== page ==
Days numbered for cigar bars
June 6, 2005
Cigar merchants and aficionados are demanding an exemption from the blanket ban on smoking in all enclosed public places, arguing that the move is „barbaric“ and would ruin thriving businesses.
They say that the cigar business and enjoyment of cigars are dependent on providing an environment to gather and taste cigars, and in such enclosed establishments the non-smoking public is rarely affected.
„Most customers prefer to sit down in the cigar shops and try them before buying. If smoking is banned in all indoor places our whole operation must then be discontinued,“ Kennith Wong, general manager of Pacific Cigars Hong Kong, said.
The company operates six cigar shops and lounges in the territory and is one of several key players in the industry which, according to Wong, sells about 1 million premium cigars a year. The luxury items cost between HK$100 to HK$200 each.
Over 20 cigar shops and about 40 cigar bars in the territory would face a 70 percent cut in business or even closure, Wong said, and more than 100 jobs would be affected by the tobacco control laws.
The Smoking (Public Health) (Amendment) Bill 2005, set to come into effect next year, will make all covered public places in Hong Kong, including bars, restaurants, and entertainment venues smoke-free.
Affected venues may be given a grace period of 90 days to prepare.
„A democratic society shouldn’t be like this,“ a manager of a hotel cigar shop and lounge, who declined to be named, said. His shop has about 1,000 regular customers. „We support the ban in restaurants, but here we don’t disturb others. It’s not illegal, so why not give us a choice? Vehicles let out hazardous fumes, so why not ban private cars? “
Kenneth Li, 37, said: „We are well-mannered and considerate people. How often do you see someone smoking a cigar in a busy restaurant? For us [lounging in cigar shops] is a culture, it’s a social activity.“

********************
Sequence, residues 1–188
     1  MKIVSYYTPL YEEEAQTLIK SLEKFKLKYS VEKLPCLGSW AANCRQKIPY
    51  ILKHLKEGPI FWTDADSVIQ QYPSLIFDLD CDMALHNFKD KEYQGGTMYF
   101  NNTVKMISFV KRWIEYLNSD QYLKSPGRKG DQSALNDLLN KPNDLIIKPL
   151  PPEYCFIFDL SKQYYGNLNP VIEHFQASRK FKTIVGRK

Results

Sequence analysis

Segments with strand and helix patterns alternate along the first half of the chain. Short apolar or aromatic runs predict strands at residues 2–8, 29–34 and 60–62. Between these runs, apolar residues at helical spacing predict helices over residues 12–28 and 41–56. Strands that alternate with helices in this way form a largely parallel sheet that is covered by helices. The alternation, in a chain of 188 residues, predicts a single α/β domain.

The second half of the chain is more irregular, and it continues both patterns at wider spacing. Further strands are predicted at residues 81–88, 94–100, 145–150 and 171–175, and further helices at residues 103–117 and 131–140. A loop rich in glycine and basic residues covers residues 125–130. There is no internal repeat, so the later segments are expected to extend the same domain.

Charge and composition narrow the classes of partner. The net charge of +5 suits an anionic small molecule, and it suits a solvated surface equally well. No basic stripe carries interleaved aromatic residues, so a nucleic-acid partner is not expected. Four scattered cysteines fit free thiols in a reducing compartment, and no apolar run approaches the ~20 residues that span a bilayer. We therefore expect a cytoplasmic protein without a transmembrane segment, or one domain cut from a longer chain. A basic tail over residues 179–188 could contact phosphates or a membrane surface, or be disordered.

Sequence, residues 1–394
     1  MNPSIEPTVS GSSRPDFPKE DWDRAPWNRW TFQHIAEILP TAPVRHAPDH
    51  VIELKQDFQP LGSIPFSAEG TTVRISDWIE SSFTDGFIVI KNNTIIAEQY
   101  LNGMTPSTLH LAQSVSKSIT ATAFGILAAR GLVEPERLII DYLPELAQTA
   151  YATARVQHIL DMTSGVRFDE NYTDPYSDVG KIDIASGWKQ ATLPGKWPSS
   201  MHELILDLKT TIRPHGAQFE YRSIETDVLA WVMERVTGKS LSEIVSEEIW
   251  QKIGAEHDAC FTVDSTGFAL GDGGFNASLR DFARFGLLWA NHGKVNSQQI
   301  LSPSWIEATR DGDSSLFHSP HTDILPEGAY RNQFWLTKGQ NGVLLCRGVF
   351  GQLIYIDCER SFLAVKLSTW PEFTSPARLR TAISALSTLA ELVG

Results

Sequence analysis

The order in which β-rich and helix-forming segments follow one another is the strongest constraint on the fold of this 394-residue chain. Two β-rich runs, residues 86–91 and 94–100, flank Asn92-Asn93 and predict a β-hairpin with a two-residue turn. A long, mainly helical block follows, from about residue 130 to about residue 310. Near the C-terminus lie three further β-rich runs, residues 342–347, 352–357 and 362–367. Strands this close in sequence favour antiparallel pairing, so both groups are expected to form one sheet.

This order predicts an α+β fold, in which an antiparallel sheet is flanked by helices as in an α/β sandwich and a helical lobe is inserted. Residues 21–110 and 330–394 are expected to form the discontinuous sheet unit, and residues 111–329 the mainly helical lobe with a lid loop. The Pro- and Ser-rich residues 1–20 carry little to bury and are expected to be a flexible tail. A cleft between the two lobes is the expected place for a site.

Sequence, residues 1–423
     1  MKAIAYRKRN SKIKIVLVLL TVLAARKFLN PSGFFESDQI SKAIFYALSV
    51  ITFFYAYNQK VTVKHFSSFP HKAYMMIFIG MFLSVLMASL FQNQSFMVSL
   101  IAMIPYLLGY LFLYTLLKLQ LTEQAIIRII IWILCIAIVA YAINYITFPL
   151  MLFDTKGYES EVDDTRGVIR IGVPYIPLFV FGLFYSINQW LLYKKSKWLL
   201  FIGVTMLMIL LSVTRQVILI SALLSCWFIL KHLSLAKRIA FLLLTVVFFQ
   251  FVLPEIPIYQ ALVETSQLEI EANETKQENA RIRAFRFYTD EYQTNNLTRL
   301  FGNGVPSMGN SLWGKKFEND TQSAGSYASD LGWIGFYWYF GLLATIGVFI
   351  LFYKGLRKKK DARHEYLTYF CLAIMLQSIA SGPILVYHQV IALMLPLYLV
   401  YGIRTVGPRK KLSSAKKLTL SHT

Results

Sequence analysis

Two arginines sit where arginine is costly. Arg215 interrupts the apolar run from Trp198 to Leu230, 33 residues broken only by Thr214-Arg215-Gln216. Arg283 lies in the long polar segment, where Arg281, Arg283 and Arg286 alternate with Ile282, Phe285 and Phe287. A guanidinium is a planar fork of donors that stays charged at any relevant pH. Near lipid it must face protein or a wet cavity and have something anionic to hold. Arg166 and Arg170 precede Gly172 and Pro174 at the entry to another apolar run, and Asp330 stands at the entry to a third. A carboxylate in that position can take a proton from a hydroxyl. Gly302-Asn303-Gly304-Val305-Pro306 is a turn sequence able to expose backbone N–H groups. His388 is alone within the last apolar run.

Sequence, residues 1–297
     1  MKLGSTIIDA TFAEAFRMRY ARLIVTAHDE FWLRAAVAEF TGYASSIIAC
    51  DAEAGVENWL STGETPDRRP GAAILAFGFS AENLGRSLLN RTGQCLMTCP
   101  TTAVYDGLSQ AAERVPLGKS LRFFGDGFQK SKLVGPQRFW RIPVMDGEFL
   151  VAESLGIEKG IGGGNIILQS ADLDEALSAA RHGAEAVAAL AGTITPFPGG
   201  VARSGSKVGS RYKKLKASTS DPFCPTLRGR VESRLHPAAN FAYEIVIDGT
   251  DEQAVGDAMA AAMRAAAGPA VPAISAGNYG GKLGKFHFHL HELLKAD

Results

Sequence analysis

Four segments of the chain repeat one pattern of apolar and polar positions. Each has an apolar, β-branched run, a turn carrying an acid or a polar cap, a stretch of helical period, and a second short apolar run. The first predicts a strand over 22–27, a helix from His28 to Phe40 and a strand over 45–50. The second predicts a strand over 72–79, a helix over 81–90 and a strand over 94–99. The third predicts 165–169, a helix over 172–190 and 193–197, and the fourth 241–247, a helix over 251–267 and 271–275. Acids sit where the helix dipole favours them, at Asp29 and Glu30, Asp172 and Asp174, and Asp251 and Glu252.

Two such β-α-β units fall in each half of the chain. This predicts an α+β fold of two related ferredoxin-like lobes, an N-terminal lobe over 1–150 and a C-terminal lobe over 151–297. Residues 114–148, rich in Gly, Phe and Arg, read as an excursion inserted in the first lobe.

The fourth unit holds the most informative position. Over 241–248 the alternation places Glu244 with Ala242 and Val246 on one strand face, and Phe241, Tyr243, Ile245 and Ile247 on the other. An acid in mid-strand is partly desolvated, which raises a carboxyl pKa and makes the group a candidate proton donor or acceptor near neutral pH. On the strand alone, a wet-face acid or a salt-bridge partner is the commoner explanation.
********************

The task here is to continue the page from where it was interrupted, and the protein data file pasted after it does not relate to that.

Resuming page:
Li’s companions, most of them men over 35, criticized the amendment bill as „barbaric“ and „authoritarian.“
But although cigar shops and bars do not force passive smoking on the non-smoking public, they do put the health of serving staff at risk. „We can downsize the staff and introduce more self-service. It could be done,“ Wong said.
But Lo Wing-lok, chairman of the People’s Health Action and member of the Council on Smoking and Health, said he sees no reason for exemptions.
„Many of these cigar shops and bars are in hotels and are a part of the central air ventilation system. Saying no one else is affected is wrong,“ Lo said. „Any exemptions would weaken the health warning against something that is obviously a public health hazard.“
Pacific Cigar’s Wong protested: „Hong Kong is running much faster than other places in the world,“ quoting exemptions for cigar bars in New York where in New York City laws also allow restaurant owners to create separate ventilated smoking rooms.
Last year, Ireland and Norway banned smoking in bars and restaurants, while recently Sweden joined in the ban for smoking in restaurants.
Scotland and England plan to ban smoking in enclosed public places from 2006.
In Hong Kong, catering and entertainment businesses have protested against the one-off full ban, which will affect 10,000 bars, restaurants and entertainment premises such as karaoke lounges, nightclubs, bathhouses and mah-jong parlors.
They expect business to drop by more than 30 per cent after the ban is imposed and fear it will lead to business closures and staff layoffs.
The ban also covers all 2,000 education institutions and tens of thousands of workplaces. About 15 percent of Hong Kong’s adult population smokes. The government estimates that only 0.3 percent, or about 2,300 of the 867,000 daily smokers smoke cigars and pipes.
But cigar lovers say the number is much larger than that and could be up to 30,000.
A spokeswoman from Philip Morris, the largest tobacco seller in Hong Kong with over 55 per cent of the market share, said: „We fully support the bill’s principles, but we believe the government should give entertainment venues the flexibility to decide how to accommodate their smoking customers.“
A spokeswoman from the Health, Welfare and Food Bureau did not respond to questions concerning the potential negative economic impact the ban is feared to trigger, saying only that the smoking ban has not affected the businesses of the tourism or hospitality industries in other jurisdictions including New York, California and New Zealand. „The 800 no-smoking restaurants in Hong Kong have also had very positive experiences,“ she said.